25 become capable of consciously narratizing conceptual content as if it were a malleable object in the environment. When the habit oriented cognitive unconscious is no longer sufficient for environmental coping, the analog “I” is able to consciously and deliberately operate within a mental workspace, leading to novel behaviors such deception, advanced “mind-reading” of people from cultures different from your own (encountered in trading, cataclysmic dispersion, etc.), visual-spatial sketching, long term planning,episodic memory, autobiographical selfconceptualization, folk psychological narratizing, subvocal rehearsal, etc. It was this functionality, Jaynes speculated, that provided the selection pressure for the development of Jconsciousness over the bicameral mind. For Jaynes, such epistemic actions are conscious and structured by several key features: an analog “I” capable of internally manipulating mental content, an autobiographical “analog me” imaginable by the analog “I”, a narrative structure that filters and understands the world in terms of personalized “stories” (i.e. folk psychology), and a reconstructive component wherein what we are conscious of is always a selective construction. All this is more or less “scaffolded” by the underlying cognitive substrate of pragmatic Gibsonian externalism. To illustrate narratization, let’s use Jaynes’ example. Close your eyes imagine yourself swimming. It is likely that in so doing you were not perfectly recreating in your head what-it’s-like to actually swim, but rather, you viewed your own body swimming from bird’s eye view, something that you have never experienced, but which is nevertheless easily imaginable. This is illustrative of how conscious actions are often reconstructions based on saliency. Moreover, it is in association with this internally viewable “self” that we might have been able to develop robust theories of mind for both ourselves and others, in addition to the possibility to consciously “simulate” past and future scenarios.23 And crucially, these epistemic actions operate in accordance with an analog
23 For an overview of social cognitive processes, see Lieberman, (2006).

26 mindspace structured by how we prereflectively understand the real world and our ability to act within it. It is this highly functional microcosm of mental interiority, “the pure paraphrand that we have of the world and its objects that is made to seem like a space when we introspect”, 24 that is at the heart of Jaynes’ distinction between conscious and unconscious animals. Thus, denying ancestral humans consciousness does not lead to absurd claims about early civilizations lacking conceptual content and pragmatic reason, but rather, stipulates only that such structures were not analogically filtered through linguistic metaphors of spatialized interiority and autobiographical narratization through an executive “I”. It is only on account of our species’ extreme tendency for anthropomorphic projection that we automatically assume an interiority of mindspace in our prelinguistic ancestors, nonhuman animals, and even the personified objects of everyday experience. As an aside, it is striking that Jaynes’ 1976 conception of J-consciousness seems to be very much in line with contemporary research on human cognition, particular in respect to working memory, executive function, and the posited “global workspace” of neural activity. Indeed, Baars, in describing his Global Workspace Theory, utilizes a classic spatial metaphor for first-person interiority wherein “consciousness…resembles a bright spot on the stage of immediate memory, directed there by a spotlight of attention, under executive guidance” (2003). According to a recent research in this direction, “conscious information processing…is associated with a distinct internal space, buffered from fast fluctuations in sensory inputs, where information can be shared across a broad variety of processes including evaluation, verbal report, planning and long-term memory” (Dehaene et al., 2006, emphasis added). Moreover, Baddeley’s theory of working memory (2000) is also based on metaphors of spatiality in terms of a visual-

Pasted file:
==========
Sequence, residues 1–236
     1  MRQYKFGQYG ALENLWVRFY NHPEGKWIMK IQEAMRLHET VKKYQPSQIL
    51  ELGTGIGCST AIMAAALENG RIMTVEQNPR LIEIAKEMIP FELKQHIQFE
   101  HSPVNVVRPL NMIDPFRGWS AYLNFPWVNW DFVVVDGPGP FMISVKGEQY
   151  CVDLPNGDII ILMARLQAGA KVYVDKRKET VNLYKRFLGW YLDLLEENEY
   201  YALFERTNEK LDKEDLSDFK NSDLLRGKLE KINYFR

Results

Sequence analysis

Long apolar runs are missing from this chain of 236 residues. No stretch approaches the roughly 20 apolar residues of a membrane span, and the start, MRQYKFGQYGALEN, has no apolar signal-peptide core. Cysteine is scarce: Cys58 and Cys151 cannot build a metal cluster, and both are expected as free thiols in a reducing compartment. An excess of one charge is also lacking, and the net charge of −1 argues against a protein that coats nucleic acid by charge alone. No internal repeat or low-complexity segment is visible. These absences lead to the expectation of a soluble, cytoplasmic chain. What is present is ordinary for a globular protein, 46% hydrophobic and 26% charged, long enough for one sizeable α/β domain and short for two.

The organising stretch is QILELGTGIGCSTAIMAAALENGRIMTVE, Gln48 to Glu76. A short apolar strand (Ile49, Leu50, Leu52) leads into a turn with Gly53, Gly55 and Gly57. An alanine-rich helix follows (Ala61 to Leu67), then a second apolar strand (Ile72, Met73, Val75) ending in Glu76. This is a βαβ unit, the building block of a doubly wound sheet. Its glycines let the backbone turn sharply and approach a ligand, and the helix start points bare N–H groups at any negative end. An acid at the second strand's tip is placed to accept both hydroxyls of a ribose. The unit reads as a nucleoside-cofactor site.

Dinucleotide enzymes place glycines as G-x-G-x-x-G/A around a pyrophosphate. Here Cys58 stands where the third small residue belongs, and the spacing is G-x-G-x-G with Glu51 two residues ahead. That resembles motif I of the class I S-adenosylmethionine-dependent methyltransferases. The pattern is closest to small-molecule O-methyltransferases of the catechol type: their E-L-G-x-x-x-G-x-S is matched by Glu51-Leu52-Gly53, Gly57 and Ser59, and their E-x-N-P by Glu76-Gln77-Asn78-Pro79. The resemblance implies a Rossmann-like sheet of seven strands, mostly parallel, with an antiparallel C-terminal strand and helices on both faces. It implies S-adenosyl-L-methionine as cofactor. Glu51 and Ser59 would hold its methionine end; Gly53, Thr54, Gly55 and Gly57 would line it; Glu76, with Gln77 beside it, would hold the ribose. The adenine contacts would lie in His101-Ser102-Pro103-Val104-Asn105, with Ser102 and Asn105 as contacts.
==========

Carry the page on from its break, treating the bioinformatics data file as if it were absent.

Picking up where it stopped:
24 Jaynes (1976, p. 420).